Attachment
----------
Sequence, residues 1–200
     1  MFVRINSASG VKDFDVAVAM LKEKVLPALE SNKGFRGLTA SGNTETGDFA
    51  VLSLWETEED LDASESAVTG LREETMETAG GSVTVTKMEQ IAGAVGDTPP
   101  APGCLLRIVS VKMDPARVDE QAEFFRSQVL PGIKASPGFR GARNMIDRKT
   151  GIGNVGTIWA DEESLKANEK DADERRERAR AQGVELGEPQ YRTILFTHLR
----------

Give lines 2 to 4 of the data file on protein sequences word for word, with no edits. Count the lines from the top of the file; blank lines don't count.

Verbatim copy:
     1  MFVRINSASG VKDFDVAVAM LKEKVLPALE SNKGFRGLTA SGNTETGDFA
    51  VLSLWETEED LDASESAVTG LREETMETAG GSVTVTKMEQ IAGAVGDTPP
   101  APGCLLRIVS VKMDPARVDE QAEFFRSQVL PGIKASPGFR GARNMIDRKT